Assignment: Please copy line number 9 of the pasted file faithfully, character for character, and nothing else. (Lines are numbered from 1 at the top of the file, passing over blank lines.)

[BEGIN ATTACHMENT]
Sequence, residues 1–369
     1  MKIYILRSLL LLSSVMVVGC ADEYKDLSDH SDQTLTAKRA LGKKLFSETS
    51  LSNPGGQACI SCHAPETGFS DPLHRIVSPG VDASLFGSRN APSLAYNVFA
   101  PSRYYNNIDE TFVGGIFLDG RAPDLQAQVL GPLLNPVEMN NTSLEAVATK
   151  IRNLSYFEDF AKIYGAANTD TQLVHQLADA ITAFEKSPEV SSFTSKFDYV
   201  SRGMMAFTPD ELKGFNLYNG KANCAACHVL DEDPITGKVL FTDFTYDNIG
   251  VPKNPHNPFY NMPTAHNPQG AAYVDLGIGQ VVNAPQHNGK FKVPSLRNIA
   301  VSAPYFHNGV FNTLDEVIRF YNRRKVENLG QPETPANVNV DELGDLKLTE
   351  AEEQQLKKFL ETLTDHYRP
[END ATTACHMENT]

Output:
   351  AEEQQLKKFL ETLTDHYRP